The redevelopment of Drayton Mills and the surrounding neighborhood continues to take shape and points to how developers are reimagining this historic Spartanburg community.

The prospect of bringing new life and vitality to an area that has played such an important role in Spartanburg’s cultural and economic history is exciting, according to Jennifer Calabria, director of land development for Pacolet Milliken.

The company manages a portfolio of land holdings across the region totaling more than 26,000 acres. Among those holdings are properties centered on Drayton, and the company is working with CBRE senior associate Brian Scurlock to develop projects that will further develop and redefine Drayton and Spartanburg’s east side.

So far, the mill and the 16 acres on which it sits have been redeveloped into luxury loft apartments and a thriving community of retail shops, offices and restaurants. The redeveloped mill, according to Calabria and Scurlock, is envisioned to be the central hub of a new, modern Drayton community with its own distinct identity, rather like Atlanta’s Buckhead.

As part of that strategic vision, Pacolet Milliken donated property near Mary Black Hospital to Spartanburg School District Seven, which subsequently built a new Drayton Mills Elementary School there. Dan Ryan Builders is developing the Trailside at Drayton Mills neighborhood centered on Dalmatian Drive behind the school, and Calabria says this is an important part of bringing new life and identity back to Drayton.

“We knew it was a special community … and we wanted to do something to help it, revitalize the area and figure out who it wants to be and what it wants to be,” Calabria says.

So far those efforts amount to between $150 million and $200 million in investments by Pacolet Milliken and others to bring new life to Drayton. The next phases will involve bringing more retail options to a 6-acre parcel across Drayton Road from the mill and developing more housing options along Floyd Street behind the mill where Pacolet Milliken owns about 170 acres of undeveloped land.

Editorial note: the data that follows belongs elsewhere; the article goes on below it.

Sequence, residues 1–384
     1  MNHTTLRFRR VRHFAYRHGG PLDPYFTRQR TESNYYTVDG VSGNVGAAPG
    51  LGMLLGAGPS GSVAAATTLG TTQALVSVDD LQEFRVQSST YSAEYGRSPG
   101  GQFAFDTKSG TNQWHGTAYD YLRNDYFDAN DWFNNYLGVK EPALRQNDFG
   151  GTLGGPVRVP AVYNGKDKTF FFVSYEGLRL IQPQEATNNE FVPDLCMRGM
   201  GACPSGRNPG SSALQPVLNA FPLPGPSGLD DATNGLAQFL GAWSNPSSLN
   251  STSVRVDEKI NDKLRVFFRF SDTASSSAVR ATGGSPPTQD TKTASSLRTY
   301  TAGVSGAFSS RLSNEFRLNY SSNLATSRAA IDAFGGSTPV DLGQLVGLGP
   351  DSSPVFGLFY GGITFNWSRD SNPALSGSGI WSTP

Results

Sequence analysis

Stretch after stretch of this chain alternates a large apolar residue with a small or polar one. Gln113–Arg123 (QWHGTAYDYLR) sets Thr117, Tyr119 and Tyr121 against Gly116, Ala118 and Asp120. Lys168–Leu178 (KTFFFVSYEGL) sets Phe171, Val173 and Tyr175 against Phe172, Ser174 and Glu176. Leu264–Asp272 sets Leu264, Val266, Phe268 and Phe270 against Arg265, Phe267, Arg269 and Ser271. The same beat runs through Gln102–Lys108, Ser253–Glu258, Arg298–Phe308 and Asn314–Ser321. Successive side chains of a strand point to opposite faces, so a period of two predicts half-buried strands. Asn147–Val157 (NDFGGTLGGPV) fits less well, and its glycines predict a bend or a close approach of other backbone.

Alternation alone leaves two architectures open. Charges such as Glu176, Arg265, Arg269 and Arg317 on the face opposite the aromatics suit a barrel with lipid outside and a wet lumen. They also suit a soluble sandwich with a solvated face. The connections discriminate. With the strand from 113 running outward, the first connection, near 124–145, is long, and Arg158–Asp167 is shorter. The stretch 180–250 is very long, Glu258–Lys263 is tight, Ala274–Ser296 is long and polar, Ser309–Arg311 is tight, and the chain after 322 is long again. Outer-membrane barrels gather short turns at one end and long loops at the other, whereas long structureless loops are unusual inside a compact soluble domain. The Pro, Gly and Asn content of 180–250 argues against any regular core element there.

“We’re trying to create a critical mass,” Scurlock says. “We want Drayton to become less of a pass-through and more of a community destination.”

Drayton Mill historic facts

Textile roots serve as foundation for new vision of community

For decades, abandoned textile mills have stood as proud but derelict reminders of South Carolina’s manufacturing history; however, recent redevelopment trends are bringing new life to communities whose vitality had waned with the closing of those mills.What’s happening in two such communities – Drayton in...

For decades, abandoned textile mills have stood as proud but derelict reminders of South Carolina’s manufacturing history; however, recent redevelopment trends are bringing new life to communities whose vitality had waned with the closing of those mills.

What’s happening in two such communities – Drayton in Spartanburg County and Piedmont in Greenville County – demonstrates how, increasingly, such communities are being reimagined, reinvigorated and renewed.

History as prelude

Drayton Mills contributed significant horsepower to the engine that powered Spartanburg’s economic health for decades and served as the beating heart of a thriving textile community scarcely a stone’s throw from downtown.

Like many textile plants across the state, the mill and its surrounding community suffered a long decline through the latter half of the 20th century. And like many other plants, Drayton Mill sat vacant for years before redevelopment took place.

Unlike many other such sites, the mill was owned by a company, Pacolet Milliken, that served as a caretaker with the goal of bringing new life and purpose to the property. The family-owned investment company was spun out of Milliken and Co. in 2007 and inherited a portfolio of assets and more than 30,000 acres of property across the region.

That connection to the Milliken family’s textile history and vested interest in the economic health and wellbeing of the community help drive Pacolet Milliken’s investment priorities, according to Jennifer Calabria, director of land development for the firm.